The nine, who included a female teacher, had posted messages on social networks accusing the 19 year victim old of being a “money-grabbing slut” who had made up the attack.
Louise Mensch, the former Tory MP, who reported the internet bullies, said the judge’s lenient sentence “sickened her”.
The nine were fined only £624 each despite the victim being traumatised and the footballer, Ched Evans, being jailed for five years. The crime carries a maximum penalty £5,000.
The judge said that the nine posted the messages about her with “deliberate malice” after the 23-year-old Wales and Sheffield United striker was jailed. Evans is currently appealing against his sentence.
The defendants appeared at a court in Prestatyn North Wales charged with publishing material likely to lead members of the public to identify the complainant in a rape case.
They defendants said they did not know that identifying a rape victim was a criminal offence.
However, despite the stricter options at this disposal district judge Andrew Shaw went for the most lenient approach he could take.
The outcome will make many ponder again the inequity of law relating to social media abuse and ask whether or not we can we police the Twitter trolls when the reaction from the law is wildly inconsistent.
In July #IAmSpartacus tweeter Paul Chambers rightly won his appeal over a joke bomb tweet at Robin Hood airport, which he had tweeted he would blow-up when clearly there was no intention or threat.
A joker who hurt no one gets sentenced to prison and has two years of his life swallowed up while people who traumatise a teenage rape victim get away with a paltry fine. It doesn’t add up.
Likewise Liam Stacey was jailed for 56 days after he posted racist tweets about the Bolton Wanders player Fabrice Muamba. Offensive and wrong yes, but two months in prison? No.
In both of those cases there should have been fines, but in the case of naming a rape victim the law should have been extended to its fullest reach. It seems to have barely lifted a finger.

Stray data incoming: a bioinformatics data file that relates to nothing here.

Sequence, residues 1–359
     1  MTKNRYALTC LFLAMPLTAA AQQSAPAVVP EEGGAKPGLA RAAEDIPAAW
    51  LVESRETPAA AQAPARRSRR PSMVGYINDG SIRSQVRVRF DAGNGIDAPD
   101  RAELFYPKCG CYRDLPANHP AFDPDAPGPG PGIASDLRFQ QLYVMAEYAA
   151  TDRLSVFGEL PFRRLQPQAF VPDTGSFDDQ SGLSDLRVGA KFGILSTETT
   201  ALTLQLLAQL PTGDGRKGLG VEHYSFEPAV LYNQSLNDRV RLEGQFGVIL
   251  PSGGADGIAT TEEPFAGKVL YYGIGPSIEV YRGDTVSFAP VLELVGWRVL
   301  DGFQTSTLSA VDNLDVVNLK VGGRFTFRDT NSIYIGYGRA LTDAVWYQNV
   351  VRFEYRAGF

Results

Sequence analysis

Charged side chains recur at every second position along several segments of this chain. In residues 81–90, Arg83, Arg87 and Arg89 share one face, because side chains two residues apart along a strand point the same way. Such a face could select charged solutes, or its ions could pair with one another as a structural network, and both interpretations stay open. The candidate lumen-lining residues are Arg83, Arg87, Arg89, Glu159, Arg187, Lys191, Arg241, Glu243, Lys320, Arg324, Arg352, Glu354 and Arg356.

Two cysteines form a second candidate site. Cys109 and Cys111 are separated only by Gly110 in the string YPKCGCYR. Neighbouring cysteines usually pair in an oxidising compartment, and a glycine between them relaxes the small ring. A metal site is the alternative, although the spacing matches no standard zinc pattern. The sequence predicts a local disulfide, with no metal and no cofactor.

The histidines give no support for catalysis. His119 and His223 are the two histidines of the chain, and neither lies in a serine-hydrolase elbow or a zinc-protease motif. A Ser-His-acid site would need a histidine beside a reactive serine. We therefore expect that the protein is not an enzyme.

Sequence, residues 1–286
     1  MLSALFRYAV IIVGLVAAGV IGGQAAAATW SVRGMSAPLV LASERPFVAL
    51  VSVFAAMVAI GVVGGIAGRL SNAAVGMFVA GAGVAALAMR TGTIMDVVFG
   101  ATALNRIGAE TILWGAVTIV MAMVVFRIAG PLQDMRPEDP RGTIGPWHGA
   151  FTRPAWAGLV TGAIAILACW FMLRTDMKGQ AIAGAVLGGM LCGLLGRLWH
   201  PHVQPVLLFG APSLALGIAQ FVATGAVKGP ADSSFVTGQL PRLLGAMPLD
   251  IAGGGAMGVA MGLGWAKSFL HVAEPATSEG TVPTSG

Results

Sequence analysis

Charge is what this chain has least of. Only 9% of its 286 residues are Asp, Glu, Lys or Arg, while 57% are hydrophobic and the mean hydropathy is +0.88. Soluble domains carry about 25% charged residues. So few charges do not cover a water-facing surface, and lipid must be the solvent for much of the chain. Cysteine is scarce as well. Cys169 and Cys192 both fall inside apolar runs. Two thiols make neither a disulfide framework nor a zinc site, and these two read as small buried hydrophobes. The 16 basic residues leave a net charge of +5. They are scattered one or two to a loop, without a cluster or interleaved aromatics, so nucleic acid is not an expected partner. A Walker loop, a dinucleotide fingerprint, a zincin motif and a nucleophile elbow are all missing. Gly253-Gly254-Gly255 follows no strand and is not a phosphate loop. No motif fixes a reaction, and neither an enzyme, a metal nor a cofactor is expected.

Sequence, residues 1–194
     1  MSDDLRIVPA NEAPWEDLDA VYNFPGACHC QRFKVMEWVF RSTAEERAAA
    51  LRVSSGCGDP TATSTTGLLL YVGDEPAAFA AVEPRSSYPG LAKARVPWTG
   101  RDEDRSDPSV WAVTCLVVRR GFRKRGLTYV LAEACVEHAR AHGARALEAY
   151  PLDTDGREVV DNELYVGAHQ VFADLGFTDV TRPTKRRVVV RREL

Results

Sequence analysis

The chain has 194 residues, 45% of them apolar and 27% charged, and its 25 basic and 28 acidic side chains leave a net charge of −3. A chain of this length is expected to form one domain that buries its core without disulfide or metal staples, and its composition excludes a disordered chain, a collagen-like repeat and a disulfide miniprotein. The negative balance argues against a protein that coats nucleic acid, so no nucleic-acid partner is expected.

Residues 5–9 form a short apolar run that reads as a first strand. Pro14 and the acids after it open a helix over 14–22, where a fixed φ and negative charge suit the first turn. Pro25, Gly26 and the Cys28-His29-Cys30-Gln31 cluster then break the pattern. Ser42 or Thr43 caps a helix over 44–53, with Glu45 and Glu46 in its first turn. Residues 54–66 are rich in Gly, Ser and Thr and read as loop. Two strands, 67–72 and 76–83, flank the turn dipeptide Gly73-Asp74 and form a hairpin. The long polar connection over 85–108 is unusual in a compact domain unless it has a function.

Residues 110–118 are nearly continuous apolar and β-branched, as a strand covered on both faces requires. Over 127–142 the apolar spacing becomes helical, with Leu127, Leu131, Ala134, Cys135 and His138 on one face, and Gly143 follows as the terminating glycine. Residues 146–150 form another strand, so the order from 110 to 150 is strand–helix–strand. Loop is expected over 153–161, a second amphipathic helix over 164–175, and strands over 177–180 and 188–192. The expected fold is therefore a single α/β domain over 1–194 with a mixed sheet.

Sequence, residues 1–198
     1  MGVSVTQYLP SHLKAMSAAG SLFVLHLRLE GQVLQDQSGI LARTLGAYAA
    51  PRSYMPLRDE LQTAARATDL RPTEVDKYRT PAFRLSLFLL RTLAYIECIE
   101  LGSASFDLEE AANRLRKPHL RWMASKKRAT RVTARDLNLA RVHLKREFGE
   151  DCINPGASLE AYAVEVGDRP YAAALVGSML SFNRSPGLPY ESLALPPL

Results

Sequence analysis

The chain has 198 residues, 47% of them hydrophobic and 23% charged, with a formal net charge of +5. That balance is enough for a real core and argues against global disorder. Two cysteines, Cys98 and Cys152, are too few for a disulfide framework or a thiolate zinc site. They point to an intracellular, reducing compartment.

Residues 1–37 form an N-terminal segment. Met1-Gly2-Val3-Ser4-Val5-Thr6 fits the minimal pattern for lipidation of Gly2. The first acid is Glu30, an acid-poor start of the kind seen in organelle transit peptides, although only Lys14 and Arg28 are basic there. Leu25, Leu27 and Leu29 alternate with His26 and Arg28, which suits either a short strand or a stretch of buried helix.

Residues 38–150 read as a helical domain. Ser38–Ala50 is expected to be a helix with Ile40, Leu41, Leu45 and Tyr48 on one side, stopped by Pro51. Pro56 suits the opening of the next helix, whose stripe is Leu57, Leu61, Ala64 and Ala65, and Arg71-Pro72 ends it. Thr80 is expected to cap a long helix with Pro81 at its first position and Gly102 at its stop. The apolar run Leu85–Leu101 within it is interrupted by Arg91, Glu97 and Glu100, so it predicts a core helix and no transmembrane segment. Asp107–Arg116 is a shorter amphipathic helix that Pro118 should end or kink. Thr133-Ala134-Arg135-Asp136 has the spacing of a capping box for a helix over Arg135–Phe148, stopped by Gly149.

In part this seems to date back to last year when Twitter made a mockery of celeb super injunctions as hundreds tweeted details of various cases.
That sent the message that on Twitter and Facebook, and elsewhere on social media, that you can get away with saying anything online. This ruling seems to underscore that impression.
It’s a situation that needs to be taken quickly in hand before more cases like this ruin the lives of others.
Ignorance is not a defence
At the very least the government should be running a campaign warning people that ignorance is not a defence and telling them they will be prosecuted and properly punished.
I’m sure some of those who tweeted are regretting naming the girl raped by Evans not least because they will all quickly come to understand that their names will be long linked with this crime online.
One of those who named the victim outed the victim on Facebook in what he accepted was “an act of utter stupidity”.
While another who retweeted a comment calling the victim a “money-grabbing slut” later told police that she had been an idiot and wanted to apologise to the victim.
All a bit late. People need to be reminded to engage their brain and those who have trouble with that need to be informed and warned of the consequences they face.